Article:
What began as the arrest and removal of a beloved former star during a bizarre incident with security at Madison Square Garden last week has metastasized into a real issue for the New York Knicks.
When Charles Oakley was cuffed and taken to a police station on February 8, and then banned from the arena two days later by owner James Dolan, it seemed for a moment that maybe this would simply be another notch on the Knicks' dysfunction belt. That is, the kind of problem that stays in the family, or that is at least quickly surpassed by whatever embarrassment is coming next.
Then, LeBron James, Chris Paul, and Dwyane Wade all signed up for #TeamOak, as if the Knicks needed more bad PR around the league. Rev. Al Sharpton threatened to protest outside MSG if the ban was not lifted. Michael Jordan and NBA commissioner Adam Silver got involved, convening a meeting to try to find some sort of detente.
The ban has been lifted, but it's clear that the Knicks still have a big problem on their hands, and that NBA players view this as more than just an act of disloyalty against a team legend.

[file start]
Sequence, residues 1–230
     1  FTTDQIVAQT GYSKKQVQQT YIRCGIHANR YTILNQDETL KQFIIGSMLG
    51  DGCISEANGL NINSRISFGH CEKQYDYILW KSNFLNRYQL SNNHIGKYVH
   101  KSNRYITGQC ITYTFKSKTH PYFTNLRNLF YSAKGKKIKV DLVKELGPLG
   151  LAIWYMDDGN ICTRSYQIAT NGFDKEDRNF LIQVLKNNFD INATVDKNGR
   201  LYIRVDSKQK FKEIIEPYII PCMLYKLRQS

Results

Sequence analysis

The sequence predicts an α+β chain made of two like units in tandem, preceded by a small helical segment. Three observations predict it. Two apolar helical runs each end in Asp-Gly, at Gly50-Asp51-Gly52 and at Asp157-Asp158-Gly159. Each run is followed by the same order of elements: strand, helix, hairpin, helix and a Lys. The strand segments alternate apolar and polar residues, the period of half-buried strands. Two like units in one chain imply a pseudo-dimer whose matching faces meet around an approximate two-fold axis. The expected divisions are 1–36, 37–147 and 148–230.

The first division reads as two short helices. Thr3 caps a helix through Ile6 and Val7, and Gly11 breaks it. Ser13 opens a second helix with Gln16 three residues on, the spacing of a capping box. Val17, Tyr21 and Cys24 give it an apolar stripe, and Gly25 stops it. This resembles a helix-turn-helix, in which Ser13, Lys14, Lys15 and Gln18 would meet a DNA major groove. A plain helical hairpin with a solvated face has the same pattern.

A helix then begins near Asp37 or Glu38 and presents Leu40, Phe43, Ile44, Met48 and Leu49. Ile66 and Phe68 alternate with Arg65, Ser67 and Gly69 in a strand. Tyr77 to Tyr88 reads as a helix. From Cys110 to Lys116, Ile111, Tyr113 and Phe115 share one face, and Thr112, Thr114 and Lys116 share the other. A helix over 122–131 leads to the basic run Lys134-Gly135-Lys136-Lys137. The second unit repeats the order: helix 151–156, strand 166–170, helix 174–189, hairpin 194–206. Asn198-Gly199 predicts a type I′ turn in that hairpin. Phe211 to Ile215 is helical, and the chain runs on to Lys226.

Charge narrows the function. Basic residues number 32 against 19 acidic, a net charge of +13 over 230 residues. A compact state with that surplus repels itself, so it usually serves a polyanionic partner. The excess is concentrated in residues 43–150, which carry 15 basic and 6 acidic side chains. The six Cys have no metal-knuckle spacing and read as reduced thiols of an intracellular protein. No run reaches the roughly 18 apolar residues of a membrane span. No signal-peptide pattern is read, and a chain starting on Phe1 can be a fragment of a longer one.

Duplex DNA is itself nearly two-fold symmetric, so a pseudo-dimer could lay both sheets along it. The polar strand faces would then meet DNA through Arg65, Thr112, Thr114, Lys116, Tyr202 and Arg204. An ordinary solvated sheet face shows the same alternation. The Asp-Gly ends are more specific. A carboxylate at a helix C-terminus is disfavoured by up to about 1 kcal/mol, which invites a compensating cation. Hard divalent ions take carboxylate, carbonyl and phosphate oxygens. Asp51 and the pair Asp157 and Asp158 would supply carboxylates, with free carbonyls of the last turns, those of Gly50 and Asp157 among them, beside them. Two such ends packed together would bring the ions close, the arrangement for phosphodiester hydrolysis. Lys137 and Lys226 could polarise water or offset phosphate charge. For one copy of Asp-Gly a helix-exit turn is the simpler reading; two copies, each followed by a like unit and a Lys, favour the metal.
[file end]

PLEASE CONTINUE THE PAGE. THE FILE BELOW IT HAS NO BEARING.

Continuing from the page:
For instance, there is Draymond Green.
"You doing it for me, it's all good," the Golden State Warriors star said while discussing Oakley and Dolan on his "Dray Day" podcast Wednesday. "You doing it against me—you speaking out against my organization—it's not good anymore? That's a slave mentality. A slave master mentality. That's ridiculous. It was all fine and dandy when he was laying people out, taking fines and all this stuff for your organization. But now, all of a sudden, when he says something that he feels, it's a problem."
Maybe this is just Green speaking for himself. Or maybe this is Green, who is always outspoken, saying publicly what other players aren't. Either way, this is going to be an issue for the Knicks for the foreseeable future. Oakley remains peeved at his former team. He's not ready to return to MSG, though it seems like his demands for a return are lowering by the day. But that won't heal all wounds. Dolan also intimated that Oakley has a drinking problem and the team, in its first statement, said they hope he "gets some help soon."
"So, OK, say if they do know in the research they did that Oak has an anger problem," Green said. "That's not something that you say to the world. That's not classy at all... It's not OK for you to go say to the world as a multibillion-dollar organization. How can you even pin that on someone? Just throw that out there. That's grimy. I think that's wrong."
Update, February 16, 12:30 PM ET
On Thursday, Sports Illustrated's Maggie Gray asked Oakley about Green's comments. Oakley called Dolan a "control freak" and compared the Knicks owner to Donald Sterling.